Navy Secretary Ray Mabus awards the Navy and Marine Corps Medal to Master At Arms 3rd Class Denise Torres, one of the eight sailors honored June 23 for heroic actions during the Washington Navy Yard shootings on Sept. 16, 2013. (Chip Somodevilla / Getty Images)
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Members of Naval District Washington family gathered at the Washington Navy Yard on Monday to honor a group of civilians and sailors for their bravery and service in the midst of last year’s mass shooting that traumatized the Navy.
Four officers and four enlisted sailors received the Navy and Marine Corps Medal, the service’s highest valor award for non-combat actions, for pursuing the gunman, helping personnel to shelter in place or evacuate, and providing medical care to wounded personnel on Sept. 16, 2013, as then-contractor Aaron Alexis went on a rampage inside the Naval Sea Systems Command headquarters, killing 12 civilians.
“As a family, we grieved, and we continue to grieve,” said Navy Secretary Ray Mabus, who hosted the ceremony. “We gather here, again, as a family, to recognize the heroism of those we lost and the heroism of those who confronted evil on that day last fall.”
The recipients of the Navy and Marine Corps Medal: Capt. Timothy Crone, Senior Chief Master-at-Arms Brandon Denison, Capt. Edward Zawislak, Lt. Cmdr. Michael Melia, Capt. Christopher Mercer, Master-at-Arms 3rd Class Denise Torres, MA2 Dominic Outlaw and MA2 Charles Pitt.
Mabus also presented the 12 fallen civilians posthumously with the Distinguished Civilian Service Medal for Valor. Sixteen survivors and first responders were also presented with that honor for their actions in minimizing the casualties.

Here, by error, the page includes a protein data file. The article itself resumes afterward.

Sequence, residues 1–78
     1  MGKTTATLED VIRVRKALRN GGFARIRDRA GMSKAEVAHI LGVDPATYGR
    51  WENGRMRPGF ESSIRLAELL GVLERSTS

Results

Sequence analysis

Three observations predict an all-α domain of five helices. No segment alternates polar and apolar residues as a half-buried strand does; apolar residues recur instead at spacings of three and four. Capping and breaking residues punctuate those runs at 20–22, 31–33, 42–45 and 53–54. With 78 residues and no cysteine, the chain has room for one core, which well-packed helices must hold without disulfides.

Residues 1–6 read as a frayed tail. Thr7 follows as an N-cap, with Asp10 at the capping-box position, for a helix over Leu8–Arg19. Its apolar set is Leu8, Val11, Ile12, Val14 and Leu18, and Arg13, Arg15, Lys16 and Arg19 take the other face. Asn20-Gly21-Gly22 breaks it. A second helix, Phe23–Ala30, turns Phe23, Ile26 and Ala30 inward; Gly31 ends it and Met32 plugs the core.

“A day like this is good for closure for a lot of folks,” Crone said in an interview after the ceremony. “It could have been a lot worse, but we made it out of that building with minimal losses due to the heroic actions of the local police department and a lot of our family taking care of each other.”
Mercer also gave credit to fellow NAVSEA personnel.
“You saw that in every square foot of the building,” he said after the event. “Somebody helping somebody get down the stairs, get shelter. It was just like the SECNAV and [Chief of Naval Operations Adm. Jon Greenert] said: We are shipmates, and shipmates were taking care of shipmates that day.”
Building 197, NAVSEA’s former headquarters, has been shut down since the shooting and is currently under construction. Many of its personnel hadn’t seen each other since the shooting, as several offices were moved to other NAVSEA spaces at the Navy Yard, or to the Coast Guard facility at Buzzard Point.
The ceremony marked a reunion of sorts, especially for Zawislak, who received his NMCM for tending to a gunshot victim while emergency personnel made their way to the roof of the NAVSEA building. He got to catch up with her at the ceremony.
“I call her Superwoman, Wonder Woman,” he said of the civilian employee, who was shot right in front of him as he evacuated the building.
After making it to the roof with two more employees, Zawislak used his uniform jacket to pack the woman’s wounds and stem the bleeding until a SWAT team arrived.
The ceremony also provided a way forward for Naval District Washington, said Vice Adm. William Hilarides, the head of NAVSEA.
Since the shooting, the Navy Yard had been concerned with providing support to base employees, their families and the victims’ families, as well as reviewing security and emergency procedures to keep everyone safe in the future.
“The last nine months, there’s been a series of events to deal with the tragedy,” he said. “This is a real forward-looking event, which honors the survivors for heroism and looks forward to building on the resilience it created to move the command forward.”
SECNAV also bestowed the Navy’s Merit for Group Achievement Award upon organizations who stepped up in response to the tragedy: the Crime Victim’s Compensation Program, the D.C. Coalition Against Domestic Violence, the D.C. Department of Behavioral Health, the mayor’s office, the Federal Bureau of Investigation, Hope Animal-Assisted Crisis Response, the D.C. Metropolitan Police Department, the Justice Department, the Wendt Center for Loss and Healing, and Survivors and Advocates for Empowerment.